Do you remember 'learn-to-sew lacing cards'? They were so much fun. They are definitely a thing of the past, but there are a few companies currently making reproduction ones. But it's also easy to make your own... you can make them from any kind of image whether it's a photograph, illustration, or even printed text.
Materials needed are: your chosen image, cardboard, glue, scissors, a hole puncher, yarn, and a needle. I choose to print one of my photographs... I printed it on regular printer paper instead of photo paper, so that it would have a matte finish and look slightly older or more like a painting, but almost any type of paper is fine as long as it's not super fragile or super thick.
First, you will want to glue (using a glue stick) the paper photo onto a piece of cardboard (I used part of a cereal box), and trim the edges. Then, it's time to punch some holes. I purchased a 1/8" craft hole punch, which punches smaller holes than your typical hole punch. A regular one will work, you'll just want to use a larger image and thicker yarn.
Punch holes all the way around the main object in your image that will want to "sew". Holes can be placed anywhere in the image you like- there's no rules of spacing or number of holes needed. It is best however to punch along straight lines, and at corners or the edges of curves. You also want to try and not leave too big of a space in between holes so that your yarn covers part of your image that you don't want it to cover. Think about putting your holes in areas that you want to outline or accentuate.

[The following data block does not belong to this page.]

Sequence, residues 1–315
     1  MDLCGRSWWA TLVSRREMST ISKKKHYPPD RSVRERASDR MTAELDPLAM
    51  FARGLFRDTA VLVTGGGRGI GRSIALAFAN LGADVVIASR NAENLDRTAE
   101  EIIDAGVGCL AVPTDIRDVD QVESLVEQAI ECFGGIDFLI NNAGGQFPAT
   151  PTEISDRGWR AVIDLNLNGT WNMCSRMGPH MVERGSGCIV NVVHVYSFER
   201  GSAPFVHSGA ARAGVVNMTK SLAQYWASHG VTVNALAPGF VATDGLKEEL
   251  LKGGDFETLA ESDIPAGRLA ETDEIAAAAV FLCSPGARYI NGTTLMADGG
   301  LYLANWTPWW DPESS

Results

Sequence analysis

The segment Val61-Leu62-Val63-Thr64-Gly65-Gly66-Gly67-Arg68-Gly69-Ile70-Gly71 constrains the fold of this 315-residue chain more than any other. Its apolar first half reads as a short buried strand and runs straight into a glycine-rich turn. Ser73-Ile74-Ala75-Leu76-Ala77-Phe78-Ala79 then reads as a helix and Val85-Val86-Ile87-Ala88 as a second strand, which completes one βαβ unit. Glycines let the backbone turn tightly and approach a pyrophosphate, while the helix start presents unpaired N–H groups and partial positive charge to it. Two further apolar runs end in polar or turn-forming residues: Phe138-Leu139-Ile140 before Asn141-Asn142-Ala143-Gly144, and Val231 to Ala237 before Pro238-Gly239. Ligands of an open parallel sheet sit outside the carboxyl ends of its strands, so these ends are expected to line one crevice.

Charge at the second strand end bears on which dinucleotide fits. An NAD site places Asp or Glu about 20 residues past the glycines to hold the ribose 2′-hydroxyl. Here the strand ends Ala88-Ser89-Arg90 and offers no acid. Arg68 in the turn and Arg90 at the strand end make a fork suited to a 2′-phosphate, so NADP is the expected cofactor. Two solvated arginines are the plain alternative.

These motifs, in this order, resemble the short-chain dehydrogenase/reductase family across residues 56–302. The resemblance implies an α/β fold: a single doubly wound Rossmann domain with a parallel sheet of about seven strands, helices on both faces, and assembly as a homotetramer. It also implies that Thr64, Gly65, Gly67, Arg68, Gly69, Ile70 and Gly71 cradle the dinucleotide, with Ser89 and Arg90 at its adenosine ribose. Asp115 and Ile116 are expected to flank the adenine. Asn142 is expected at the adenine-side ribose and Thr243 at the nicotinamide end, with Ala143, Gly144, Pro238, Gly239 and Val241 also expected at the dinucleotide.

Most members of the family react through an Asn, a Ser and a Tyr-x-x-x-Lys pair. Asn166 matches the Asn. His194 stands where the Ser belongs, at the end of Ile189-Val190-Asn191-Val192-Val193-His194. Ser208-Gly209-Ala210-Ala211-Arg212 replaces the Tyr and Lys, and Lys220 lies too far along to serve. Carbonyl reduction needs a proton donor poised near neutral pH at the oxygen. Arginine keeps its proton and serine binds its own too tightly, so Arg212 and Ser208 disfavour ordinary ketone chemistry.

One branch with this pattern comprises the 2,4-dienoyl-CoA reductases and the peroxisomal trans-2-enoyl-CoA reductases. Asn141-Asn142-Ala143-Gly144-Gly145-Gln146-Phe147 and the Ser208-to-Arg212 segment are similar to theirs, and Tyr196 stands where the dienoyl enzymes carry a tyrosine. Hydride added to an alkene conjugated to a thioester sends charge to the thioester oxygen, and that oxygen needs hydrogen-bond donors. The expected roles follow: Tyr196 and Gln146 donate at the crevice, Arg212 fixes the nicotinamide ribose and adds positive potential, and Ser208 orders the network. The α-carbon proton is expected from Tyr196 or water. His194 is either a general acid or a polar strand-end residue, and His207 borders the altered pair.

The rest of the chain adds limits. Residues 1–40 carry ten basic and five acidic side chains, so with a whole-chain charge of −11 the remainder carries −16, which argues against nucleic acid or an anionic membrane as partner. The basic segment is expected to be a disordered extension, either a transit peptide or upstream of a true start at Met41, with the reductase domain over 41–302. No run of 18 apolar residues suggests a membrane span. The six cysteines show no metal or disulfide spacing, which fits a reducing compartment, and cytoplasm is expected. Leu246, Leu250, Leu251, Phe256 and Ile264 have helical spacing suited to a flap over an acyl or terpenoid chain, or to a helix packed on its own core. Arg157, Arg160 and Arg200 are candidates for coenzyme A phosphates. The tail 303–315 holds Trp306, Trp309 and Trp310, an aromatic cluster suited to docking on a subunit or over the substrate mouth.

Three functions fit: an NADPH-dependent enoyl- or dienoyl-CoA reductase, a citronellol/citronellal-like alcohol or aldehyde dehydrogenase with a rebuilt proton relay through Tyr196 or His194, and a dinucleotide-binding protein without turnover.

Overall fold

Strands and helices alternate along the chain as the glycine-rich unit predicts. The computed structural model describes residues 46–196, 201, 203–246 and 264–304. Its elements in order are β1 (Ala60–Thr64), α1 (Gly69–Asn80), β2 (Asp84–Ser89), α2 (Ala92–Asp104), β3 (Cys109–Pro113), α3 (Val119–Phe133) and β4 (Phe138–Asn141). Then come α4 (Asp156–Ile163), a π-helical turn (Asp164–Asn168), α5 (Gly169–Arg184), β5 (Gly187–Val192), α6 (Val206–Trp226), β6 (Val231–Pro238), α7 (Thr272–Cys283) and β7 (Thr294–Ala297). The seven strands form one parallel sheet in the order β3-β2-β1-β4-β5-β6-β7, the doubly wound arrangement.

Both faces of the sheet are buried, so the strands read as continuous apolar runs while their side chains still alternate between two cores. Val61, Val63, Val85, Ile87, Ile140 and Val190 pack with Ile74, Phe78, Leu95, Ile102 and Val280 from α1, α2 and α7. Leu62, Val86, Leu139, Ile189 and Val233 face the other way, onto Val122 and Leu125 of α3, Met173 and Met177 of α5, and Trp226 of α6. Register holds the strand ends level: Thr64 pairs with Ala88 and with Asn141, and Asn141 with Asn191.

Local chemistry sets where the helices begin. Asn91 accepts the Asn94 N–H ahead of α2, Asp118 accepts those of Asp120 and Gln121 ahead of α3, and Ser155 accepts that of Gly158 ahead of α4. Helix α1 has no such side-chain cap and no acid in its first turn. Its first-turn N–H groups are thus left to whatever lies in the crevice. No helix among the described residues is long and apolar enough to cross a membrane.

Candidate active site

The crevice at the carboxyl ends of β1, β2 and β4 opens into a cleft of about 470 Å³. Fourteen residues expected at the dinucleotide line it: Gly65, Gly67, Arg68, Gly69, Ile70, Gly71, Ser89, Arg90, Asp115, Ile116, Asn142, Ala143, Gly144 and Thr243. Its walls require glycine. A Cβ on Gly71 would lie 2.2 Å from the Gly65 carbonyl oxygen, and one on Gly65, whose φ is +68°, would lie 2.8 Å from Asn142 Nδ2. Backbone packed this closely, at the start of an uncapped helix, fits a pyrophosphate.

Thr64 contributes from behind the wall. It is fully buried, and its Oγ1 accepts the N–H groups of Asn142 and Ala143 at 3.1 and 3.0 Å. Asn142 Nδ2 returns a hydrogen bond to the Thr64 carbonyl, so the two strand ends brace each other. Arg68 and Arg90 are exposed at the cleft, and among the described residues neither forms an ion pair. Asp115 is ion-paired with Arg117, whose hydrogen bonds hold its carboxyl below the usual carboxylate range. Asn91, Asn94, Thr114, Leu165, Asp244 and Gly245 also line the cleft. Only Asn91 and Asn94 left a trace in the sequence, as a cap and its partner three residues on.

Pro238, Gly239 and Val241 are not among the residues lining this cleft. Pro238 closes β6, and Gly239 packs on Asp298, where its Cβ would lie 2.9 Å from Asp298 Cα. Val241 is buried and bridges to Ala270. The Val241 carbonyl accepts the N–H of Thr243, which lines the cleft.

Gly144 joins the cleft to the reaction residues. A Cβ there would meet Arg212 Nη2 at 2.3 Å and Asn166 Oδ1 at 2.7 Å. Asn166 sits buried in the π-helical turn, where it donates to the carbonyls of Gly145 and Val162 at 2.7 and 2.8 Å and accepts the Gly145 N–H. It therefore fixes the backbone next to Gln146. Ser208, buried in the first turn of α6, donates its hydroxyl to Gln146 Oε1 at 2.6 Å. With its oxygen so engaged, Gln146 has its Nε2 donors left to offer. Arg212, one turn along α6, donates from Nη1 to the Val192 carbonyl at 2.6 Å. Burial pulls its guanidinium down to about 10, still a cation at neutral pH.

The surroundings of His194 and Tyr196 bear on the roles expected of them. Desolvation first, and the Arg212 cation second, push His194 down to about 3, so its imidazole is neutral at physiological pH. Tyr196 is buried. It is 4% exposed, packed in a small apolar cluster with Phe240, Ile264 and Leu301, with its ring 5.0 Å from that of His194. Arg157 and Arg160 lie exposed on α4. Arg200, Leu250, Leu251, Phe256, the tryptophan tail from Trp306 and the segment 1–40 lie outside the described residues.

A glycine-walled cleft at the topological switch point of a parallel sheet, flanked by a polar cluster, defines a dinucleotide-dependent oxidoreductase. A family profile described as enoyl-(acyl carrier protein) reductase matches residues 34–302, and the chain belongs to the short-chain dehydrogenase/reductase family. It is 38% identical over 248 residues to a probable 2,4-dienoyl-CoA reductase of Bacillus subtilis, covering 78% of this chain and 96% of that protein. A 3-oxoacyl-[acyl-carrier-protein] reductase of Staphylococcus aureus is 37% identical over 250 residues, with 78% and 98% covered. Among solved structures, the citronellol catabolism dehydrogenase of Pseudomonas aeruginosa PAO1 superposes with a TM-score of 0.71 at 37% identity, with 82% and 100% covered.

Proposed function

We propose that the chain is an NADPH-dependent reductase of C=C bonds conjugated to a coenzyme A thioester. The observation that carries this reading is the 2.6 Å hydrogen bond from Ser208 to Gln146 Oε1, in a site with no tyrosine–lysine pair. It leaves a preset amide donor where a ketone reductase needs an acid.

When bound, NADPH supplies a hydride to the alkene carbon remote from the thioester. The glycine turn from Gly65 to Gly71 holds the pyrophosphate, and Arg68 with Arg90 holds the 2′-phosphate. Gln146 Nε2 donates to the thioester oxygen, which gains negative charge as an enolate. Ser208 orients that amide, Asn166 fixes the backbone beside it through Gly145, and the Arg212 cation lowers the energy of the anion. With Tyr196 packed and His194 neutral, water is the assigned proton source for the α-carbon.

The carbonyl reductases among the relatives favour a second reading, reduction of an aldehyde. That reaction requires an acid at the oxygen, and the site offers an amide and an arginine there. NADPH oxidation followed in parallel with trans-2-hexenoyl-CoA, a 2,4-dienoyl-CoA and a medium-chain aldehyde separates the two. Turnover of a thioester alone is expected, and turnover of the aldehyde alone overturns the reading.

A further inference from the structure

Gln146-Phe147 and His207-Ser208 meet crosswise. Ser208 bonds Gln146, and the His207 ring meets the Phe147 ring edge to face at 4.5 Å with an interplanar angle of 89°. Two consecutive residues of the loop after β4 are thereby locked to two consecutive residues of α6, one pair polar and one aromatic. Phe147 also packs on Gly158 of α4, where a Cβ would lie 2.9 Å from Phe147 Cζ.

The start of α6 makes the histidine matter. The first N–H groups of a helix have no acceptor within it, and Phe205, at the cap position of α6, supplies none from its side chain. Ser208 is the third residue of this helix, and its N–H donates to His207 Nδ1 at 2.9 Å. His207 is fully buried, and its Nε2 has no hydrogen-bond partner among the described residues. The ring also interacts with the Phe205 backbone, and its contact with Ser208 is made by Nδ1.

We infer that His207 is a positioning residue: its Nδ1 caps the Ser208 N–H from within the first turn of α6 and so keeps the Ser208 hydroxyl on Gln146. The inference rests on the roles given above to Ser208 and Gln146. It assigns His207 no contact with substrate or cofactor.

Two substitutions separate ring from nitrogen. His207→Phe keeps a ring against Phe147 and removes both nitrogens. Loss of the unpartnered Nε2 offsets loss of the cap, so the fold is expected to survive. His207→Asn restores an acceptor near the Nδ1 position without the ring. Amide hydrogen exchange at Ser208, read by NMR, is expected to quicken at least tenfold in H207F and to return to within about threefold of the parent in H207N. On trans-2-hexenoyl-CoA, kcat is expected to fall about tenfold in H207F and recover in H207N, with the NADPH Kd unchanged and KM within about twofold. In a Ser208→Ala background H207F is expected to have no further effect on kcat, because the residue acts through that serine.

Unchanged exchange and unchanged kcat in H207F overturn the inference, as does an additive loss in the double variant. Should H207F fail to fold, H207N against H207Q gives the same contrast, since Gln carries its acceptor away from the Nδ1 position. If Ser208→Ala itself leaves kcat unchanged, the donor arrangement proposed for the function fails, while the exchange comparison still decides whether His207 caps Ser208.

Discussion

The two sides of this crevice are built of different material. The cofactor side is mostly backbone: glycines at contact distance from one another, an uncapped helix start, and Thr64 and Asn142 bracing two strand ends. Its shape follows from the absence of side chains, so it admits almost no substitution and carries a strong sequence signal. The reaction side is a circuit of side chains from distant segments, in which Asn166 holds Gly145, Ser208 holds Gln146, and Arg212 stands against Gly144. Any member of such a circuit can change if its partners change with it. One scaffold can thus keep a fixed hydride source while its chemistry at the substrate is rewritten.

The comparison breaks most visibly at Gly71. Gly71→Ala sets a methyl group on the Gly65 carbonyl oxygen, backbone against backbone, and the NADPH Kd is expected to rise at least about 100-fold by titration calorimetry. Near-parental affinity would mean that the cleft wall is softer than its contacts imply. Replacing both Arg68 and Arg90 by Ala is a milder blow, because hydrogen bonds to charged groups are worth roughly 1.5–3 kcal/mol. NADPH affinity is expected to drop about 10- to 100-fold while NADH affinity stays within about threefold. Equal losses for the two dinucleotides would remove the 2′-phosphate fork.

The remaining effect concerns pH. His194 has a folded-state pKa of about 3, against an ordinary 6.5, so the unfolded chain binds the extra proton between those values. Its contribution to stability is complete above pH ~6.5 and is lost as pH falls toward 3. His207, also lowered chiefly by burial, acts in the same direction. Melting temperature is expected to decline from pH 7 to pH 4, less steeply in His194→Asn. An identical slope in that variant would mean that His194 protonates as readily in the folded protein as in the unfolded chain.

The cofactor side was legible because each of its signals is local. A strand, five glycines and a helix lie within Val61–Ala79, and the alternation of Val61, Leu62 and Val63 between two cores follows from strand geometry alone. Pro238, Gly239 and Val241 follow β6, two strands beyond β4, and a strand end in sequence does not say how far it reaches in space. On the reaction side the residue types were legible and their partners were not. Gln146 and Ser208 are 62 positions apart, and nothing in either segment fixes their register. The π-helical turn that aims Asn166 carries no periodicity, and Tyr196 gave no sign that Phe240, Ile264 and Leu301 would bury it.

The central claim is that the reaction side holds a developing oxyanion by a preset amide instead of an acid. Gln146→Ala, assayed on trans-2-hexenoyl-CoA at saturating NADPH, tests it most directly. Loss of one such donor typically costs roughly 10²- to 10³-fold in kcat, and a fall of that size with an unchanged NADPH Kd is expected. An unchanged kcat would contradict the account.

Once you're done with punching the holes, you have two options- it can either be done, and given with some yarn and a needle as a gift or activity for someone else to sew, or you can go ahead and sew it yourself. I like to lace them and give them with gifts as the card. They make cute items to hang on the wall when completed!
As far as sewing goes, you'll want a larger needle than your typical sewing needle. The thicker, plastic kinds are best. You want it to be safer to use than one of the sharp metal ones, and have a big enough threading hole to get yarn through since you won't be using thin sewing thread.
Start at one end, leaving about an inch of the yarn hanging on the back (don't pull it all the way through but wait to knot it), and take turns weaving in and out of the holes. There are no rules for the sewing part either- just have fun with it. I typically like to alternate holes, and then go back after I'm finished and connect a few adjoining holes to add a little bit extra depth to some of the sewn lines.
Once you're finished, you will want to knot the two loose ends of yarn (your starting and ending ends) together and then trim the excess. Finally, you can leave the image as-is, slip it in a photo card (the kind that has a cut-out window like above), or frame it!